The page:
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TV’s future is written in music’s past

Digital disruption of the record industry was turned from existential threat into growth opportunity when labels embraced new consumption models. There are lessons for television, which can increase reach if it seeks viewers where they are, rather than creating walled gardens that people must come to. BARB’s ‘fit for TV’ definition should be supported because it lets media owners widen their distribution, by working with more platform partners, while still acknowledging that the programming is ‘TV’ – characterised by trust, high production standards, viewer attention, regulatory alignment, editorial oversight and an absence of fraud. ‘Fit for TV’ is more inclusive of old and new. TV and advertiser opportunities will be maximised when we encourage the natural flow of consumption and free ourselves from measurement siloes.

Rich Brant, Senior Director, Advanced TV, Vevo
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In the late 1990s, Napster happened. The birth of peer-to-peer (P2P) sharing effectively making the possibility of sharing an endless catalogue of digital files across the world possible. Music was ripe to be taken advantage of. The file sizes were small, containing compelling social currency that is shareable with friends, and the audience was young and savvy, taking advantage of technological updates. It became easier to steal than buy.

In 2011, physical records accounted for $8.3bn of global revenue, a big drop from $24.1bn in 1999. But when streaming services were launched, the record industry collectively decided to go all-in and embrace digital change. The subsequent diversified content delivery and revenue streams brought revenue back up to $26.2bn in 2022 with an onward upward trajectory. (RIAA data)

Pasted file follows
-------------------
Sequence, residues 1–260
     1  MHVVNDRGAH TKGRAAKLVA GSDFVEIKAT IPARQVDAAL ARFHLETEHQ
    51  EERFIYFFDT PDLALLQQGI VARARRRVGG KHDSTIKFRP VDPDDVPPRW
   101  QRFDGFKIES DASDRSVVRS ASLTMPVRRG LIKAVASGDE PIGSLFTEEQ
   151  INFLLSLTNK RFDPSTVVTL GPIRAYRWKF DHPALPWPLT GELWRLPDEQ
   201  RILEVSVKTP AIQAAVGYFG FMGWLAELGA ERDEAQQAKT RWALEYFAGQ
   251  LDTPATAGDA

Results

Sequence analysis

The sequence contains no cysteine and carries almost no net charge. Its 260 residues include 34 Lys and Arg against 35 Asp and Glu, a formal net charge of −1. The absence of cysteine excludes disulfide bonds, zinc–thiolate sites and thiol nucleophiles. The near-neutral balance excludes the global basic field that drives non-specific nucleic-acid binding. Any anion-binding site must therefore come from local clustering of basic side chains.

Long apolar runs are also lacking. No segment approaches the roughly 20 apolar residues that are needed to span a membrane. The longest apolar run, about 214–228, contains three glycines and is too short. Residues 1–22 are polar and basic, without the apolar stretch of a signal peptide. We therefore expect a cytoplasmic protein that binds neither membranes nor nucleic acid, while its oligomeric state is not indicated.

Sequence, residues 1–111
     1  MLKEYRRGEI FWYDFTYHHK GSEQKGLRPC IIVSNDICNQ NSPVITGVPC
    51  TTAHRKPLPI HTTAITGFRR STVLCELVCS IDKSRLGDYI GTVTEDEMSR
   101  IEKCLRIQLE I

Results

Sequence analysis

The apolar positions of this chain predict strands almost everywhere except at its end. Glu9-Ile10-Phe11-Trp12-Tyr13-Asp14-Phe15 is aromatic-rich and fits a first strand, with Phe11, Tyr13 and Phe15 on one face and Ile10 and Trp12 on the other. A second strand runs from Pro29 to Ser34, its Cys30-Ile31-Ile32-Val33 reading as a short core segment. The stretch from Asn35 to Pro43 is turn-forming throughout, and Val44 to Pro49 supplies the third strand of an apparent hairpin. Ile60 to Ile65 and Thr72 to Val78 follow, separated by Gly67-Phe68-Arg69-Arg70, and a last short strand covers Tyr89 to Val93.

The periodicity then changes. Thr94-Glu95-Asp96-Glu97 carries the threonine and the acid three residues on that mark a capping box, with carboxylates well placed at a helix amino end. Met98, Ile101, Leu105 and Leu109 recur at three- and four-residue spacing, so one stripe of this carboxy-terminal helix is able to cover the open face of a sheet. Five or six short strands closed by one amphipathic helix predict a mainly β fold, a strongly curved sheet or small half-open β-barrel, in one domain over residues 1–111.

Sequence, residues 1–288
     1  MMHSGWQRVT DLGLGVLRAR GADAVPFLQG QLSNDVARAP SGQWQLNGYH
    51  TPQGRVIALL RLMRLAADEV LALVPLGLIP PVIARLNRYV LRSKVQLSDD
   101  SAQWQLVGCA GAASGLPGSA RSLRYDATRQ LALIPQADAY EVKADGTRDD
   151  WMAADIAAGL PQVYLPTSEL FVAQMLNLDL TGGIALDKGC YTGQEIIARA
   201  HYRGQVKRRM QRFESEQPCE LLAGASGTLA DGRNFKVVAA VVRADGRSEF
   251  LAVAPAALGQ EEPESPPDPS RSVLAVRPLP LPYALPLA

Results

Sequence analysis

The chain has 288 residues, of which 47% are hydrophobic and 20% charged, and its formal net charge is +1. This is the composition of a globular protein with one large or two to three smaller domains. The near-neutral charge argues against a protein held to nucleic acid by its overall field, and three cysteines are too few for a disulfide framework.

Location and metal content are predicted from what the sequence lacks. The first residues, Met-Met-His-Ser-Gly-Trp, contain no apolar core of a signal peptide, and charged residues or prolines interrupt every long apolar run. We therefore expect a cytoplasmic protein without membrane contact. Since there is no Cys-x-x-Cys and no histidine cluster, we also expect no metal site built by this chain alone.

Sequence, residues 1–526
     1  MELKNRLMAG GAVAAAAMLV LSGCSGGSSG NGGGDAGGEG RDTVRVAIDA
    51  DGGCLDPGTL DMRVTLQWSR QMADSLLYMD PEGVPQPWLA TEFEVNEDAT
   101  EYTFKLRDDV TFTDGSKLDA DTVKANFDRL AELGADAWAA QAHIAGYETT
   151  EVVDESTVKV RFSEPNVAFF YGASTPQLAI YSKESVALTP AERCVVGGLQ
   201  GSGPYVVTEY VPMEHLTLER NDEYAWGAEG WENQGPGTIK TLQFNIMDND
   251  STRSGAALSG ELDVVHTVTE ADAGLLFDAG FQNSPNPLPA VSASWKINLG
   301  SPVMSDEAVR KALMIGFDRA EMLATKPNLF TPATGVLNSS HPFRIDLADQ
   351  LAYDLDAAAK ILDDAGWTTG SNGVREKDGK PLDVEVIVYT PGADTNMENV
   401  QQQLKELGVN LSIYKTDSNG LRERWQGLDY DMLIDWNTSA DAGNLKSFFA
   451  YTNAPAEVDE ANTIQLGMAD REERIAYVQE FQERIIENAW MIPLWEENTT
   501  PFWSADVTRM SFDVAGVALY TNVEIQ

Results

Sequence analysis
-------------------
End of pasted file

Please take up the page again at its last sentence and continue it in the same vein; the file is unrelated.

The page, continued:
The record industry’s embrace of digital also helped it gain deeper understanding into how audiences consume and engage with (not just buy) artist content, helping it better serve the consumer. Vevo’s network of distribution was created as a result, learning not to resist, but to lean into consumer behaviour, delivering content at their request, how they want to watch.

The fall and then recovery of the record industry, caused by digital disruption, has many transferable learnings for the evolving TV landscape right now and gives an indication of what is still to come.

Be where your audience is

Today, the battle isn’t stealing content in this scenario – it’s a fight for attention. Too often media entities adopt the stance of creating a walled garden the consumer must come to, but it disrupts natural flow of consumption, especially in a post-pandemic world flooded with high-quality content services and multiple options for over-saturated consumers. Content awareness, ease of discovery, and ease of consumption win when content is not exclusive and judged as a ‘must have’.

Enders Analysis paints a very stark prospect for 2027 where only 12% of 16-24s’ video time will be spent watching traditional broadcaster content, with the majority of the rest of their time spent with SVOD or YouTube. Not cultivating a relationship on the platforms that these consumers predominantly spend time on is surely a massive oversight.

While the broadcasters have begun to adapt, taking note of BARB and Ofcom reports, Channel 4 has taken the leap to lean into pure behaviour by distributing via YouTube – where they see incremental audiences for their content. This builds a relationship that would otherwise be absent and delivers content to them through the path of least resistance.